O'Hara was also a game analyst on some ESPN Radio broadcasts this season.

In addition to his weekly work for the NFL Network, O'Hara is a regular contributor to the Giants' media enterprises. He appears on the Giants Postgame Live on MY 9 with Roman Oben, Amani Toomer and Russ Salzberg, is a preseason analyst on the Giants Radio Network/WFAN, and he appears on Plays that Changed the Game, Giants Game Report and Inside the Film Room on

"It's really been awesome the way that it's worked out, because of my relationships with the Giants, with a lot of the players and with the staff and coaches over there and the organization," O'Hara said. "It's really been great to be a part of that outside of my football career. And then on the national scale to be able to cover and talk about all of the teams and watch all of the games, I think it's been great and it gives me different exposure and it also gives me different looks. It's easy to talk about the Giants, I know them so well. But some of these other teams, it's been a nice challenge trying to get to know them as well as I know the Giants."

As a starter in one of the most memorable Super Bowls every played, O'Hara has been asked often this week for this thoughts on the current matchup and his recollections of the Giants' victory six years ago. He said similarities exist, because like the Giants, Seattle must find a way to shut down that scored the most points in NFL history.

The Giants, who had played the Patriots in that year's final regular-season game, knew exactly what they had to do to shut down an offense that had scored 589 points.

"I'll never forget that first Wednesday meeting we had with Tom Coughlin," O'Hara said. "The first thing he said that day was, 'We can beat this team if we get to Tom Brady.' And that was the mantra for the whole Super Bowl, we've got to get to Tom Brady. He doesn't have to be sacked; it could be hurries or hits or just knocking him down. That became a self-fulfilling prophecy right there. Our defense took it to heart. They said, 'Look, if we get to Tom Brady that gives us a chance to win the game.'"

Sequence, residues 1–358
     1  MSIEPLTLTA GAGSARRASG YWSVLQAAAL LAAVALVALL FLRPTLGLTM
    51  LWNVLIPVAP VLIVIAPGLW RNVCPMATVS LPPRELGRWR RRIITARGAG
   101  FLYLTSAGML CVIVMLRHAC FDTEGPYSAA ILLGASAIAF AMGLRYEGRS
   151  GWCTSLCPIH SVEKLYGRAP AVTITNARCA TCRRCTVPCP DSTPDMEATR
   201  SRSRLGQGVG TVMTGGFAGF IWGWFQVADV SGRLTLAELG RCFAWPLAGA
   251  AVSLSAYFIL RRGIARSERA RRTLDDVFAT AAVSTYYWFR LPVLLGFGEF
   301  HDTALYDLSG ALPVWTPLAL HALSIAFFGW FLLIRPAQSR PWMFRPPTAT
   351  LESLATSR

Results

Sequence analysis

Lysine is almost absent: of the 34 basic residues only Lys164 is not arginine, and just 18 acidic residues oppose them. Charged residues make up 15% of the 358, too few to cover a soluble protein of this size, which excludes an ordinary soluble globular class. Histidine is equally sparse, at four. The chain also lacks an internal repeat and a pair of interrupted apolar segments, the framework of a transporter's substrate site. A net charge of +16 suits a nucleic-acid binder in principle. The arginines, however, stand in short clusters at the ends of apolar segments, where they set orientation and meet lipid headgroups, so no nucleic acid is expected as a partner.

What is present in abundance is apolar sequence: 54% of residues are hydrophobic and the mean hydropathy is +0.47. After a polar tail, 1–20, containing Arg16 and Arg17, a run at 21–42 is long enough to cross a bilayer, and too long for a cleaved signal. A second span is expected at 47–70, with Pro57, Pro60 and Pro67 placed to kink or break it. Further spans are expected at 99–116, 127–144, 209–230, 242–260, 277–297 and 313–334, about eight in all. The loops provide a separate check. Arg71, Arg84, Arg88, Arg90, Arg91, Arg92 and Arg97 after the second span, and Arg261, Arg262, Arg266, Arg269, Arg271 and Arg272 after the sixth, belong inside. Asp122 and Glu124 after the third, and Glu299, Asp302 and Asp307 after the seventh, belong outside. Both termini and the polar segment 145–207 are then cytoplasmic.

The Giants registered five sacks of Brady and hit him at least twice that often. Brady threw for 266 yards, but it took him 48 attempts to reach that total (5.5 yards per thrown). Conversely, Eli Manning threw for 255 yards on 34 passes (7.5).

Seattle was ranked first in the NFL in both total and scoring defense in 2013 and was tied for eighth with 44 sacks. The Seahawks will try to harass Denver quarterback Peyton Manning as consistently and harshly as the Giants got after Brady.

"I think Seattle is saying the same thing we did," O'Hara said. "No disrespect to our defense at that time, but this secondary of Seattle is better. They're also very good because they have a great rush. They can get to the quarterback.

"They have so many different rushers. It's not like they have Dwight Freeney or they have Robert Mathis on one side and you can game plan for them. If you game plan for Cliff Avril they're going to hit you with Michael Bennett or they're going to bring Bruce Irvin in there. They can hit you from so many different angles. It's going to be an interesting part to the game to watch, because Peyton knows that and Peyton's going to use those quick, three-step or five-step drops and get that ball out quick. That's going to set up a rhythm and then what happens is the defense says, 'Hey, the ball is coming out quick, so now we're going to start jumping all the routes.' It's going to be a little bit of a chess match going on there."

One that O'Hara, as a former longtime player and Super Bowl champion, is well-qualified to analyze.